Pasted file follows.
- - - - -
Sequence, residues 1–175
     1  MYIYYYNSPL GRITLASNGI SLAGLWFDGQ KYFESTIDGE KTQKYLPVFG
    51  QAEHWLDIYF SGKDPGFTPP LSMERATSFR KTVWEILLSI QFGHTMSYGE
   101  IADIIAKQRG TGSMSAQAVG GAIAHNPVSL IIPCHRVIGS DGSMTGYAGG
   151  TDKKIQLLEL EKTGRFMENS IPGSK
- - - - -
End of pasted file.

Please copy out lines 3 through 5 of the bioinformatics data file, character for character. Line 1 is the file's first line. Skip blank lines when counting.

    51  QAEHWLDIYF SGKDPGFTPP LSMERATSFR KTVWEILLSI QFGHTMSYGE
   101  IADIIAKQRG TGSMSAQAVG GAIAHNPVSL IIPCHRVIGS DGSMTGYAGG
   151  TDKKIQLLEL EKTGRFMENS IPGSK